Wow! Gigantic Tree in the Amazon: Over 290 Feet

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One of the Dinizia excelsa or angelim vermelho trees, which can grow over 80 meters. The tallest, as measured by satellite, towered 88.5 meters above the forest floor. (Tobias Jackson)

Researchers Discover the Tallest Known Tree in the Amazon

by Jill Langlois Smithsonin.com

Sheer curiosity led Eric Bastos Gorgens and his team to the tallest tree in the Amazon. At 88.5 meters, or over 290 feet, the tree species Dinizia excelsa, or angelim vermelho in Portuguese, beat out the previous record holders by almost 30 meters.

The forest engineering professor and researcher at Brazil’s Federal University of Jequitinhonha and Mucuri Valleys (UFVJM), along with several other researchers from Brazil and the United Kingdom, was examining data from Brazil’s National Institute for Space Research (Inpe) when he noticed something out of the ordinary.

At first it was just a set of numbers on a screen that let the researchers know giants were growing in the Parú State Forest conservation area in the state of Pará. It took time and dedication to figure what the height measurements represented.

“It could have been a bird flying by, a tower, a sensor error,” says Gorgens, the lead author of a recent study about the trees published in the journal Frontiers in Ecology and the Environment. “So we started to look into what could have given us these numbers that were so far from standard. And as we started looking at the data more carefully, we realized they weren’t errors. They were, in fact, giant trees.”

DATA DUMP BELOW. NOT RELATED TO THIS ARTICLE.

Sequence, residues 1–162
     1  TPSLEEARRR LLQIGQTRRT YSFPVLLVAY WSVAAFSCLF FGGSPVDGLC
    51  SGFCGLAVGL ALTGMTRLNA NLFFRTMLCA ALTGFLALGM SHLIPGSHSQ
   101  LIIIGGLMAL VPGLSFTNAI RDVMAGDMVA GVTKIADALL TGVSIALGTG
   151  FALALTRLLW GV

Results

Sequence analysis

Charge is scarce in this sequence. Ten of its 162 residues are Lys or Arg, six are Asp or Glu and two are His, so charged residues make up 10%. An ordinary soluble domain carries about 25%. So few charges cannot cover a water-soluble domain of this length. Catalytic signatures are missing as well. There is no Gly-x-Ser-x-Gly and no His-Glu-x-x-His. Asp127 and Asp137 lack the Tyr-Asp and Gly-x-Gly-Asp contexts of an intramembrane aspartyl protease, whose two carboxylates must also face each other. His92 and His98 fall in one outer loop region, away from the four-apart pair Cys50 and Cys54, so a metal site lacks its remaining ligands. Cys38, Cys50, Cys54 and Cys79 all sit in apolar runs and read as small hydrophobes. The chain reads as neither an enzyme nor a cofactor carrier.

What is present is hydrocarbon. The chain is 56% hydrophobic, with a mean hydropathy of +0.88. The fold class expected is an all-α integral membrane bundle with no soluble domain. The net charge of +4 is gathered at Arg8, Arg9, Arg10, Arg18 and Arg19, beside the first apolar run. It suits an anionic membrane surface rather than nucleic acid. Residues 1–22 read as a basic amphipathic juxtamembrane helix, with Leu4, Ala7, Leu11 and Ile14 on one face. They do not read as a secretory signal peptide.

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Biography
Carol graduated from Riverside White Cross School of Nursing in Columbus, Ohio and received her diploma as a registered nurse. She attended Bowling Green State University where she received a Bachelor of Arts Degree in History and Literature. She attended the University of Toledo, College of Nursing, and received a Master’s of Nursing Science Degree as an Educator.

She has traveled extensively, is a photographer, and writes on medical issues. Carol has three children RJ, Katherine, and Stephen – two daughters-in-law; Suzy and Katie – two granddaughters; Isabella Marianna and Zoe Olivia – and one grandson, Alexander Paul. She also shares her life with husband Gordon Duff, many cats, and two rescue pups.

Carol’s Archives 2009-2013
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2 COMMENTS

  1. Carol, Indiana was 95% covered in old growth deciduous hardwood forests 300 years ago. That means of the 23,000,000 acres, about 21,700,000 acres of it had virgin hardwoods, much oak. In 1920, we went to under 15% forested and today are at about 20% forested. A squirrel could go from end to end and not touch the ground. Now there are 17,000,000 acres less forest in Indiana alone….most used for row crops or urbanization (some urban areas plant trees so not a total loss).

    Look at the beautiful Tongass National Forest in it’s undisturbed beauty. Those big trees…we had them and they are gone. Imagine the entire Tongass National Forest GONE….it’s also 17,000,000 acres and old growth, like we HAD…..imagine it gone and replaced with corn and bean fields….all of it. And that is just Indiana…one Midwest state that has so denuded the land that we HAVE altered our environment.

    • The tons and tons of trees are a huge carbon sink. CO2 taken from air, nutrients and water bind the carbon and release the oxygen in that wonderful photosynthesis process…that gives us wood….carbon that can be held and made useful, extracted from air by natures bounty.

      Loss of 17,000,000 acres of old growth hardwood forests has huge impact. It is only one state that has lost the equivalent of Tongass…all of it. Trees moderate weather, slow winds, hold soils in place, retain water resources and replenish the ground water better. Now we look at corn fields and bean fields and hope

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